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Poll: Privacy More Important Than Political Rights for Finns

Finns appear not to place exceptional value on basic political rights. A survey commissioned by pollster Suomen Gallup by YLE does, however, show the population values the basic rights of equality, privacy and social security.

Under 25-year olds consider the right to employment through a job, profession and skill of their choice to more important than their parents. However, a basic political right as the freedom of association is least significant basic right for them. The same is true for older people.

Among the population as a whole, equality before the law was the primary basic right for a majority of respondents. This is followed by the right of privacy and access to social and health services.

Freedom of speech and the right to life were also in the top five list of basic rights. Those at the bottom of the survey’s list included such political rights as the vote and freedom of association. Freedom of religion was also low down the scale.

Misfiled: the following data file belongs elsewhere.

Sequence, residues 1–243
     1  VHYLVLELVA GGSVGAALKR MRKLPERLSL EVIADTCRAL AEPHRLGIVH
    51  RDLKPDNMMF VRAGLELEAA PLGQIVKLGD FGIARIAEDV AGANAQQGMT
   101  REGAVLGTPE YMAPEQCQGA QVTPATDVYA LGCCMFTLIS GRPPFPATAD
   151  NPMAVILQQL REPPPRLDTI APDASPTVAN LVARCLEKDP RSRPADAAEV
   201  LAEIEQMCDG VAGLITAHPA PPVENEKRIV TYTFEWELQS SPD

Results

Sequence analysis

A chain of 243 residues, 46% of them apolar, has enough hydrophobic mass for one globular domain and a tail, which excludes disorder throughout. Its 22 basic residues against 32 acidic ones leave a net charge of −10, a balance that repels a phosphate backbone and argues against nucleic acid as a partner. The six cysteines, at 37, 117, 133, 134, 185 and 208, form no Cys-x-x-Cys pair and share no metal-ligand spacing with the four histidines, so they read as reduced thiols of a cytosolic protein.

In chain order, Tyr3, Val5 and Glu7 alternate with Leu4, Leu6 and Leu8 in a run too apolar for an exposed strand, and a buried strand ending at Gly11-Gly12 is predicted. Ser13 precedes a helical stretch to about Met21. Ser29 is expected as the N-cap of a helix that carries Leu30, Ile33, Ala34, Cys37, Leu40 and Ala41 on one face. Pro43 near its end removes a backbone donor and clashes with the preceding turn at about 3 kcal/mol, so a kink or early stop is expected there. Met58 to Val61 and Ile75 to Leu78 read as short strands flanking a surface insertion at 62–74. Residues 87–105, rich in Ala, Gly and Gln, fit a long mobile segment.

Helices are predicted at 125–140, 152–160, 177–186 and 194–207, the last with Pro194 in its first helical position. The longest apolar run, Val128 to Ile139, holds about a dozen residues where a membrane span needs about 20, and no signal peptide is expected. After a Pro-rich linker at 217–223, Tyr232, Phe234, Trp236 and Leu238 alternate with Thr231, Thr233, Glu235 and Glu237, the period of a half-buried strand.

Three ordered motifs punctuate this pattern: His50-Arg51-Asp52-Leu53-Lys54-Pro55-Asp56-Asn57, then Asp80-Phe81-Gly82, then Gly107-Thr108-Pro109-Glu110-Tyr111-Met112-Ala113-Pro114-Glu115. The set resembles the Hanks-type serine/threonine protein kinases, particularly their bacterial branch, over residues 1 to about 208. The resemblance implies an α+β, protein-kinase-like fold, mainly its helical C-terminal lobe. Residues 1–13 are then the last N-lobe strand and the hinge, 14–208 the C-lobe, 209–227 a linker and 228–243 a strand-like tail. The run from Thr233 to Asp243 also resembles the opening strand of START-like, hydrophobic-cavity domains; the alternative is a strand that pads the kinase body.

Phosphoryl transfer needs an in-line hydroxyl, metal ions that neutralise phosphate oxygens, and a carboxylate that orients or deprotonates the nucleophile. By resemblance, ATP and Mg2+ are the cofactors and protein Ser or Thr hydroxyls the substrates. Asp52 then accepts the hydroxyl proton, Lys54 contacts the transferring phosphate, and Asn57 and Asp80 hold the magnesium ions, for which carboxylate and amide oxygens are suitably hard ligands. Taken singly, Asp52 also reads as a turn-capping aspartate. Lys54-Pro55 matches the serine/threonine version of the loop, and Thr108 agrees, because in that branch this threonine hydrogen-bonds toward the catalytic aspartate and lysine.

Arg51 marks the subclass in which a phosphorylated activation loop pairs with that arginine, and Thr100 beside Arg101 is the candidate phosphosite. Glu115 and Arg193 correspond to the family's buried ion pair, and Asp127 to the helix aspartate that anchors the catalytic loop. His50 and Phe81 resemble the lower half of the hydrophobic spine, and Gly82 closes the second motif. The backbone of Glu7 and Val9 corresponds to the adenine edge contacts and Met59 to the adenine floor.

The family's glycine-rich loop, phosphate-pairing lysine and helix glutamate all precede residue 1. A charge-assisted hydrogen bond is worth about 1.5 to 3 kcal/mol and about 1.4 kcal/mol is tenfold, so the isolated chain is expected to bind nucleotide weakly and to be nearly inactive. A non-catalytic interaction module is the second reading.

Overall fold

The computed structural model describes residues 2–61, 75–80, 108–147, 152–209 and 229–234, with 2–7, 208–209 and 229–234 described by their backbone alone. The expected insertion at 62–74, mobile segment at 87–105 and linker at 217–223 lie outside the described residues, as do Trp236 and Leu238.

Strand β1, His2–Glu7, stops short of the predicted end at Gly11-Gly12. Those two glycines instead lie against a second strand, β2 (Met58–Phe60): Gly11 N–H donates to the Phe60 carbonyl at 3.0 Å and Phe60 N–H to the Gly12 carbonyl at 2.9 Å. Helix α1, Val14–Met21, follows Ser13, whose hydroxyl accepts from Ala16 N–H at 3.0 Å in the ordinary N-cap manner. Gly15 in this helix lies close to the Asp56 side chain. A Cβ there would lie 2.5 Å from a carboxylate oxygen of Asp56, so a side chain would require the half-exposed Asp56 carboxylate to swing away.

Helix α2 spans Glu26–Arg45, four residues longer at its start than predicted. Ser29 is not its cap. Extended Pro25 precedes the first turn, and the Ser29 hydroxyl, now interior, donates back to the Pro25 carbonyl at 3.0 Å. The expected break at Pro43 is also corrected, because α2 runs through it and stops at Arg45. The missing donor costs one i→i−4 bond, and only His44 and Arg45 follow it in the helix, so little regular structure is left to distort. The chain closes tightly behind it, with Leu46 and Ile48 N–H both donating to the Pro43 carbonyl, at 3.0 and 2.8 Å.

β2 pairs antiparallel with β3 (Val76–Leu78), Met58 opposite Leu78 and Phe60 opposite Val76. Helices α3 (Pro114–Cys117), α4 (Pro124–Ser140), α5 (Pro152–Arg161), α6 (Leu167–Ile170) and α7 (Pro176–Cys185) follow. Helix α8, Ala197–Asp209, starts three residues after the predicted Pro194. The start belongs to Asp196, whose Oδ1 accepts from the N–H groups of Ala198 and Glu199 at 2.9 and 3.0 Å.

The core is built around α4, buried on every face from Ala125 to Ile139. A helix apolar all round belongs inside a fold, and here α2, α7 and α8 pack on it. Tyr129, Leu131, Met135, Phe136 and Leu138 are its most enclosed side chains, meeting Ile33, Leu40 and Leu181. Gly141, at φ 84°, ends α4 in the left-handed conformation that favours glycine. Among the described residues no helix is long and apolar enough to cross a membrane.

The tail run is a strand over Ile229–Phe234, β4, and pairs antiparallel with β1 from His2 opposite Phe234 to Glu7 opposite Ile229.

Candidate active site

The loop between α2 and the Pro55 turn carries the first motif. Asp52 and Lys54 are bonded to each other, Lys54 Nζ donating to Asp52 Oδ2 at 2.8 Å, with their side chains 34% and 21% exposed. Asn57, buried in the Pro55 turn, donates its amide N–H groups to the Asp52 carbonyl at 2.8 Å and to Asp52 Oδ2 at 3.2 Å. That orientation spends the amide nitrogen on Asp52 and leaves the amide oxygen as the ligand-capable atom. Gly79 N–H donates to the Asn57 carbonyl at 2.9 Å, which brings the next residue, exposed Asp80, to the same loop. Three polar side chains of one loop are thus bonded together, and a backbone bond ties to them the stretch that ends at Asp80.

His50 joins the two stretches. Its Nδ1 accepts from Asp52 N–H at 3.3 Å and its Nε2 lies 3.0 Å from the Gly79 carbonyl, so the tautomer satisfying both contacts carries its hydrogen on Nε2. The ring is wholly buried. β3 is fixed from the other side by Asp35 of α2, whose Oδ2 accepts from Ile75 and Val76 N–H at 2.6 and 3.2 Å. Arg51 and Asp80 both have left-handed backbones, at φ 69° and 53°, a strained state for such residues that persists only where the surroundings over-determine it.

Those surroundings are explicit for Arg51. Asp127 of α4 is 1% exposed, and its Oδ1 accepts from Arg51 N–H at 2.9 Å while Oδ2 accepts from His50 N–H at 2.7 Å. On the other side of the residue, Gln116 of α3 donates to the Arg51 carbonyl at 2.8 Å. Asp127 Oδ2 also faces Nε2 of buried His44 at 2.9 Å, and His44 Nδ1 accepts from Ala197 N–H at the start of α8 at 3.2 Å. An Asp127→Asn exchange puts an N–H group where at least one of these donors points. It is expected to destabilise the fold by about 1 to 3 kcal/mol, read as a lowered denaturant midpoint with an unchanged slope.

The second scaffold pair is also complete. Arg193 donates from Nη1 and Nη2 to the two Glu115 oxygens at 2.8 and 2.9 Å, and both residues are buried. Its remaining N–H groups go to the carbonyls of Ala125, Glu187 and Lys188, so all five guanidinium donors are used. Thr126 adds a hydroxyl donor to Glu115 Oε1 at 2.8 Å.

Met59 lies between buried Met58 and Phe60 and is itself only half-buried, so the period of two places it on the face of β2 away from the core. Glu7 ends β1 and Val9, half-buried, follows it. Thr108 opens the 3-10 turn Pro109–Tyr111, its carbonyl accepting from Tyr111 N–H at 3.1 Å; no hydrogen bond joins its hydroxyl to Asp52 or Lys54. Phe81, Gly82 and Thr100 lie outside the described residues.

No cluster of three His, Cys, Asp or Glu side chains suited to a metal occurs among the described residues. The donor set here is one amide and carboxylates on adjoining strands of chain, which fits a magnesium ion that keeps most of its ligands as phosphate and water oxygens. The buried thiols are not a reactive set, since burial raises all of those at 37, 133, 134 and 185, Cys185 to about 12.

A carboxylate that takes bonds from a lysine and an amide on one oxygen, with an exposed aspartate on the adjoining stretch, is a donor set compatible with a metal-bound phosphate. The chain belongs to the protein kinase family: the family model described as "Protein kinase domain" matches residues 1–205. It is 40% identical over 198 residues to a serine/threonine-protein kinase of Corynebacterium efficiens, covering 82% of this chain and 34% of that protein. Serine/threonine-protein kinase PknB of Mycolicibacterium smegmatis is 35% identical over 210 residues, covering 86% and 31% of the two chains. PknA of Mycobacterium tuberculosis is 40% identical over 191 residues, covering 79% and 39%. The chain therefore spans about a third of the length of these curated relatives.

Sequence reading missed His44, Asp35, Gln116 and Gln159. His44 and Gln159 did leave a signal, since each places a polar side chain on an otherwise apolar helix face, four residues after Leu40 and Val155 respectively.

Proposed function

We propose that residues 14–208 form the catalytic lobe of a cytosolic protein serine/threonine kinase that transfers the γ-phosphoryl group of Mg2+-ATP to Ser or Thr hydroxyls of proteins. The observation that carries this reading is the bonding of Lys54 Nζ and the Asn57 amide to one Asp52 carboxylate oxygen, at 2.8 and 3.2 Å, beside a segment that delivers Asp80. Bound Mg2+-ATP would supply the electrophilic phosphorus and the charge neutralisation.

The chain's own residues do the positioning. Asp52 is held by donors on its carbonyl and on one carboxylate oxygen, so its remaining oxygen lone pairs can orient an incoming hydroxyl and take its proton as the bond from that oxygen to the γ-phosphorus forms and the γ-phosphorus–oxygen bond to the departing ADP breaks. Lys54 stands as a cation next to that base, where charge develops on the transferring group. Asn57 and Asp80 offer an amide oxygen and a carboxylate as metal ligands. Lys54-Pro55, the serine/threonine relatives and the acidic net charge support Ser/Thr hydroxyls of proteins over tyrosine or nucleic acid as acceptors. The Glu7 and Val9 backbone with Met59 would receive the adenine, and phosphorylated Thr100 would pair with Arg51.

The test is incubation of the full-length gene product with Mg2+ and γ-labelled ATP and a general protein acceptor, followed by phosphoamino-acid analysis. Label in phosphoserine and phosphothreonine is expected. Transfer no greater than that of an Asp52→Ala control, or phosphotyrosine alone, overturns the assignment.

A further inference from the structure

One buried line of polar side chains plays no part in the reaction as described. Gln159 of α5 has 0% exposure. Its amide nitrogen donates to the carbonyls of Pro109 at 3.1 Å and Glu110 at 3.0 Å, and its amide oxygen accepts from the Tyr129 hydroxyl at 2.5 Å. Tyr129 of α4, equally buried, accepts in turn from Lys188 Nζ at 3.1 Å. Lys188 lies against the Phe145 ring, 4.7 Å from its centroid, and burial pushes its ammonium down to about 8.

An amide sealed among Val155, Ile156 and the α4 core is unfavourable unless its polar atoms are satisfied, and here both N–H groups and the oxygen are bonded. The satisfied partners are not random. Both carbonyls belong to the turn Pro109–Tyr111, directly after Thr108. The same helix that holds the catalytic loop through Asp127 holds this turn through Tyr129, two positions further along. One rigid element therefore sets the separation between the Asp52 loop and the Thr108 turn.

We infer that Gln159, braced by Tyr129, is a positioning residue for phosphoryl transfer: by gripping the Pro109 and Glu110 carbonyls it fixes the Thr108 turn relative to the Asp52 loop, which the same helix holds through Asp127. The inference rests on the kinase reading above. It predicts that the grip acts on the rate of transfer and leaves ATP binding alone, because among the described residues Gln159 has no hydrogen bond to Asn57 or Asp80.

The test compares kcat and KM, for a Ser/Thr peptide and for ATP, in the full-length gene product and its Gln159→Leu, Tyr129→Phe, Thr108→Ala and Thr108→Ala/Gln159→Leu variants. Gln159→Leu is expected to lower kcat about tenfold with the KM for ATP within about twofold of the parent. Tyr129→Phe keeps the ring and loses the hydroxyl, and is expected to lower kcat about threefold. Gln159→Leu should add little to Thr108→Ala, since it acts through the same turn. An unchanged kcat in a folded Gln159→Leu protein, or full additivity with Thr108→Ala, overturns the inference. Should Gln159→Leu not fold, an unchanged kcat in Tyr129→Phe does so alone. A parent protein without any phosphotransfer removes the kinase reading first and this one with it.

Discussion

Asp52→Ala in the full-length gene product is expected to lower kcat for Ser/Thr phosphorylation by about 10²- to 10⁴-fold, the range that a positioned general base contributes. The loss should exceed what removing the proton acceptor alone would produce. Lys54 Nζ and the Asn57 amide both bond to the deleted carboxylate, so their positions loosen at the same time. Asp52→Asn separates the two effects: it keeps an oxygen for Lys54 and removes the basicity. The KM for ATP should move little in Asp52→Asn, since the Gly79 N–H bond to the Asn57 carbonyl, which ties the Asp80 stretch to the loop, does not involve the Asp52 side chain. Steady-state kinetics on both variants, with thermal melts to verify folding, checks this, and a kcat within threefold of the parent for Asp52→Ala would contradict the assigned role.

The survey also asked which rights people would be willing to sacrifice under exceptional conditions. Most of those asked said the right of association and a quarter put freedom of movement on their list.

One out of five were ready to permit the death penalty in some circumstances. On the other hand, one in five said they would not accept any dilution of basic rights under any circumstances. Most of these respondents came from the political left or greens.

Some 1,200 people were interviewed for the survey last week.


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